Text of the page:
While teaching an architectural history course in the fall of 2020, Associate Professor of Interior Design Sarah Bischoff was disappointed to discover that while she could “easily count 100 remarkable women architects and designers,” none of the textbooks available presented a sufficiently inclusive history of design.
“Not a lot of women were brought up and it didn’t feel right not to address that problem when our department of interior architecture is made up primarily of women,” she said.
Initially, Bischoff began assigning a student to research a female-identifying architect or designer and present their story and major projects at each class session. The project became such a powerful teaching tool that Bischoff was inspired to write her new book, Design Like a Girl: 30 Groundbreaking Women Architects and Designers Throughout History. The book is the first of its kind geared towards young readers ages 8-14—most of whom might not even know about the design field.
For decades, women weren’t allowed to walk through university gates to study architecture or design. Instead, they designed in the shadows of husbands or fathers—never getting any official credit for their often-brilliant ideas, much less pay. The gender inequality they faced—and some still face—is not mentioned enough.
Candace Wheeler is the first woman profiled in Bischoff’s book. In an era when women rarely worked outside the home, the progressive “mother of interior design” was a serial entrepreneur who started multiple organizations and markets for female designers and artists to develop and sell their work.
However, many schools didn’t admit women until they were forced to in 1972, when the U.S. Department of Education passed Title IX of the education amendments, prohibiting discrimination based on sex in federally funded education programs.
While modern celebrity “starchitects” like Zaha Hadid are included in Design Like a Girl, being a glamorous starchitect wasn’t the criteria for inclusion. In fact, many of those profiled here were previously overlooked by history. “I wanted there to be stories that every child could relate to,” Bischoff explained. “Not only did I want to include indigenous women, queer women, and women with disabilities, but I also wanted to include women who advocated or fought for other women’s rights or inclusion.”
As readers learn about multifaceted women in architecture and design past and present, they also engage with imaginative artwork created by Bischoff’s students in Endicott’s interior architecture program.
Bischoff said that she chose to collaborate with her students both as “a way to give thanks to them,” and also to showcase the next generation of female-identifying talent in the creative field.
Interior architecture major Jillian Hersey ’23 was one of those students. The project resonated with her because until high school she’d never even heard of the design field. The idea of showing young generations of girls their career options felt meaningful.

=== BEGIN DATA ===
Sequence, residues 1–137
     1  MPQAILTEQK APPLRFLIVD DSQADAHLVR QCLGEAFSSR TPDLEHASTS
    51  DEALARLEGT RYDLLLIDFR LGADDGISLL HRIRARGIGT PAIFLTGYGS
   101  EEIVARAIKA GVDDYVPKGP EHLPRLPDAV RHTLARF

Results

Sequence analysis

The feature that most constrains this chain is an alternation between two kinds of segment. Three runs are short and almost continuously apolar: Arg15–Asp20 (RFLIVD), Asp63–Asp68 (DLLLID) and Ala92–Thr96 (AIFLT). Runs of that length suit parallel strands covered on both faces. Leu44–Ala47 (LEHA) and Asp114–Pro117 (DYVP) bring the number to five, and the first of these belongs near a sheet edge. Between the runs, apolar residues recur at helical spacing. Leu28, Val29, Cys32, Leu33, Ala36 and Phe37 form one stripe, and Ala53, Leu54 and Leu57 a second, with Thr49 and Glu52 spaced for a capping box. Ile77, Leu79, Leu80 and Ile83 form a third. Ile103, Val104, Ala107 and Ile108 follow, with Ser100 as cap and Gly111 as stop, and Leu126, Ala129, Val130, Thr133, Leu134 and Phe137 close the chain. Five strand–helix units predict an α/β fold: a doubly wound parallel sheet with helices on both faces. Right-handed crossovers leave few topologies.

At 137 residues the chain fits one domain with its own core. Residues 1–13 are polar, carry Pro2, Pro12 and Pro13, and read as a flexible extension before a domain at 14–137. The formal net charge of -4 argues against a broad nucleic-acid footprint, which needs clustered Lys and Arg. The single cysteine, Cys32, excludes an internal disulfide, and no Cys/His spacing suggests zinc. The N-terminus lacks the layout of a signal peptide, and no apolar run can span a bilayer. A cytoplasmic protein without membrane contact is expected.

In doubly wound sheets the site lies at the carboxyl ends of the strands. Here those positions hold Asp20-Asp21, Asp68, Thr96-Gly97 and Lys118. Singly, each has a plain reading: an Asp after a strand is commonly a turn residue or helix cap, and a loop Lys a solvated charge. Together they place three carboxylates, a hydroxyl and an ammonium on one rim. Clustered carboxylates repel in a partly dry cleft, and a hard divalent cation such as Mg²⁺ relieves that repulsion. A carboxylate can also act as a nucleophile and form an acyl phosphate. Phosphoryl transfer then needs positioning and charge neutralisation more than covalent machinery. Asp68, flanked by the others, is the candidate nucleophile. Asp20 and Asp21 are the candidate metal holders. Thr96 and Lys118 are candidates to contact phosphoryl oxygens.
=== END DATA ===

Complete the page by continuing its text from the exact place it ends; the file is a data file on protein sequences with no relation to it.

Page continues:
Hersey was matched with architect Jeanne Gang, whose Aqua Tower in Chicago represented the tallest woman-designed building when it opened in 2010—literally breaking the glass ceiling for women in architecture.
As she researched and illustrated Gang’s profile, Hersey took copious handwritten notes, and penciled sketches influenced by the architect’s approach. “Her works of art are all based around the idea of building relationships—and that’s something that matters deeply to me in my own design work too,” Hersey explained.
Yianna Buterbaugh ’23 is minoring in graphic design and relished the opportunity to try out the Photoshop skills she’d learned in the classroom in the context of the book project. She was assigned the profiles of Mexican architect Frida Escobedo and the late Norma Merrick Sklarek, a pioneering African American architect often described as “the Rosa Parks of architecture.”
For Escobedo’s profile, Buterbaugh said, “I was inspired by the geometry that she uses in her architecture, and I chose red typography to represent her because that is a color of the Mexican flag.”
The book presents this more inclusive design history in a clear yet creative way, also offering an introduction to key design tools like a color wheel communicating how moods and energy levels are impacted by different shades.
These real-world applications of design principles are meant to offer younger kids multiple entry points to a field that has historically been too elite and expensive for many women and people of color to join.
Bischoff, who is also the mother of a 10-year-old daughter said, “If I can inspire one young girl to pursue her dreams of being a designer, I have exceeded my goal. If I have inspired one of my students, then I have exceeded my goal.”
Purchase the book here.